Howson has chipped in with vital goals, rallied an inexperienced team and driven them on from the centre of the park on numerous occasions this season. His form has been particularly impressive given the relatively poor defence behind him and the attack-minded players in front. England Under 21 recognition has duly arrived but now Howson must push for that tantalisingly close top six spot.
Central Midfielder: David Fox (Norwich City)
In such a vibrant, free-flowing Norwich side, which has usually employed a front two with a diamond midfield four, it was imperative that Paul Lambert selected the right man for the vital anchor position in midfield. He chose David Fox, who played under his charge at Colchester United. He chose wisely.
Fox is an unspectacular player who has understandably failed to attract the headlines in a side that contains Team of the Year members Wes Hoolahan and Grant Holt. But look beyond the goals and you will find a quietly reliable performer who has never hidden. These final few weeks will be fascinating and Fox will have to step up again.
Winger: Max Gradel (Leeds United)
Another who probably should have made the final cut, Gradel has exceeded all expectations this season to rack up a remarkable goal tally and, along Robert Snodgrass, provide much-needed attacking width to the play of Leeds United. Gradel was discarded by Nigel Pearson at Leicester and sent to Elland Road, first on loan and then on a permanent basis. He excited the Leeds faithful but, like so many names in this list, struggled for consistency.
And, like so many names in this list, he has found it this year. Simon Grayson can take a huge amount of credit for Gradel’s quite brilliant form but there was always a sense that this was what would be waiting for the manager whose patience allowed it. Rumours of interest from Bundesliga side Hamburg in recent weeks demonstrate just how much of an impact Gradel has made this season.
Winger: Jimmy Kebe (Reading)
Brian McDermott’s men have now won eight in a row in the league and look set to mount an unlikely late bid for an automatic promotion place. This upward trajectory was still but a glint in McDermott’s eye when the voting for the PFA Team of the Year took place, but Kebe has been an excellent performer all season for the Royals.
It says it all about the number of brilliant attacking midfielders in the division that there is no guarantee Kebe would have made it even if the last few weeks had been taken into account – surely only the most partisan Reading fan would argue for his inclusion ahead of Taarabt and, to a lesser extent, Scott Sinclair. Nevertheless, Kebe still seems unlucky to miss out so he gets a spot here instead.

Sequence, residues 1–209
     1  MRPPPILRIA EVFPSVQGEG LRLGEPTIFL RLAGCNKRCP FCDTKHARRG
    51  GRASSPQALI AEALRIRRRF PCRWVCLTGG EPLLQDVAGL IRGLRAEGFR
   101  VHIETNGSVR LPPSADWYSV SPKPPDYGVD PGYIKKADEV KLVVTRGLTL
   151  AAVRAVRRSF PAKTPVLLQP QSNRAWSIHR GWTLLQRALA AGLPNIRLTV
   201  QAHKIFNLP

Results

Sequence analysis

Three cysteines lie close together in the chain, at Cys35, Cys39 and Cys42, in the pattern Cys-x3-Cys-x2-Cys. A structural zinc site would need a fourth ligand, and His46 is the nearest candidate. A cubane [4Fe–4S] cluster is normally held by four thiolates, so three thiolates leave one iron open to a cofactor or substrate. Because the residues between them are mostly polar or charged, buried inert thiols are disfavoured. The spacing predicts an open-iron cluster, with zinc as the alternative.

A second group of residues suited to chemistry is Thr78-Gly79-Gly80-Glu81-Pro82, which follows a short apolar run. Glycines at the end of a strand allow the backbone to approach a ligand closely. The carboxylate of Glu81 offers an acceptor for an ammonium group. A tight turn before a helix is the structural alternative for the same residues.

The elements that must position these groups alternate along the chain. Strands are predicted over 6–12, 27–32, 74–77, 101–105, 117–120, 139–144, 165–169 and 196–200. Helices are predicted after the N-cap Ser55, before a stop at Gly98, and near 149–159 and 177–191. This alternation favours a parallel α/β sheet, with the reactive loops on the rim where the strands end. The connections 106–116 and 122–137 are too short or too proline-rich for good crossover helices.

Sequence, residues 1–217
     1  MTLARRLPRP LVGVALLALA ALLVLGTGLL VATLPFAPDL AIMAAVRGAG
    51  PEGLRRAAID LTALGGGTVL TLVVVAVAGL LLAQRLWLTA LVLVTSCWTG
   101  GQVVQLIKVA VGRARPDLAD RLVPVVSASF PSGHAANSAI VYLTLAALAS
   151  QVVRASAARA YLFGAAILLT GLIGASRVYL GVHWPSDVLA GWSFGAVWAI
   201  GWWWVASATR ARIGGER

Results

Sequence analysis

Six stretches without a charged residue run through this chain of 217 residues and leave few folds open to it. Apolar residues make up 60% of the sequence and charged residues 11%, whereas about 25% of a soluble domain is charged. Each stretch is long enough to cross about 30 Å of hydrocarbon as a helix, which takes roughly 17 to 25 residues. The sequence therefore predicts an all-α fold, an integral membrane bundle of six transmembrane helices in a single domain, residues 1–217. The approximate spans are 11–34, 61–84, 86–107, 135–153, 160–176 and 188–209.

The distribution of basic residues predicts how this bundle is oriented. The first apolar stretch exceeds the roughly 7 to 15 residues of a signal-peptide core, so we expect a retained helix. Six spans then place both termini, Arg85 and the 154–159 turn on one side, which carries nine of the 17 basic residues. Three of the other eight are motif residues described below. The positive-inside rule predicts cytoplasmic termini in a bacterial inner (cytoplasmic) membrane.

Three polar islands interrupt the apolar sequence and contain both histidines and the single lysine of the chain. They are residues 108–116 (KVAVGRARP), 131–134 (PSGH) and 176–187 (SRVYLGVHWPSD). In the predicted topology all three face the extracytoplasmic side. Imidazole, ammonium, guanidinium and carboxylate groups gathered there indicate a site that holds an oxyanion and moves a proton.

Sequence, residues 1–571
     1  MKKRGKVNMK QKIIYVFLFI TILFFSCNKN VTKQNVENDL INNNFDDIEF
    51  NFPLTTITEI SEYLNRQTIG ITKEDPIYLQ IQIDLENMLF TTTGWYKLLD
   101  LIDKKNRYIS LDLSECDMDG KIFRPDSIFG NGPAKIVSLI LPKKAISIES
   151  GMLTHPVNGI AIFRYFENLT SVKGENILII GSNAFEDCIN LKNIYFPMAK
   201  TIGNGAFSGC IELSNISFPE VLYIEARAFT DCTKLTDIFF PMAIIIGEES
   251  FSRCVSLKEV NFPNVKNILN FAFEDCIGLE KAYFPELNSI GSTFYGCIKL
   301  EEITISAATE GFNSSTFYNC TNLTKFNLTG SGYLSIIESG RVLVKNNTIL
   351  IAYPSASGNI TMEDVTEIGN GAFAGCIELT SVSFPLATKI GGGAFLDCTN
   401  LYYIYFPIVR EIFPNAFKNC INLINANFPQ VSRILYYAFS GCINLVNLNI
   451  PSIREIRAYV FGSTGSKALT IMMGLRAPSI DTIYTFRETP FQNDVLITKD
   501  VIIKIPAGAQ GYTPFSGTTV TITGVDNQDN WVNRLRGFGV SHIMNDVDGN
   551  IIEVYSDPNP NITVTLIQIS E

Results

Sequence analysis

Striker: Shane Long (Reading)
There had to be two Royals in this side really, given what is taking place at the end of this week. And also because of that incredible run of form. Long fits the template of this side, a player who has added consistency to sporadically exciting displays in the past to become a key man in a successful team. His goals have propelled Reading up the table and he will be a feared opponent in the play-offs if McDermott’s men fail to steal second place.
Emerging from the shadow of his compatriot Kevin Doyle, the big question now is whether this campaign is a flash in the pan for the whippet-like Irishman. If, instead, it is a sign of things to come, Reading could make even more money from Long than they did from Doyle. Or he could take them to the Premier League and stay. A superb striker that Championship defenders have grown to despise.
Striker: Steve Morison (Millwall)
Millwall, like Watford, are one of those teams that do not receive too much media attention and fail to attract live television coverage on a regular basis. As a result, many opposition supporters can only take a look at the highlights of their games each week and the top goalscorers table and their appreciation begins and ends with the name of their foremost centre-forward.
That is what has happened to the Hornets this season, for whom Danny Graham has been just one of a number of excellent players. It is also taking place at the Den, with Morison getting the headlines for his goals after the Lions were elevated from League One. There must be more to it, for Millwall to be skirting the edges of the play-offs. Perhaps the likes of David Forde, Paul Robinson and Liam Trotter deserve equal praise. But Morison is the man in the limelight.
Your go! In the comments below, let’s have your teams from the players who made neither the PFA Team nor the alternative team listed above.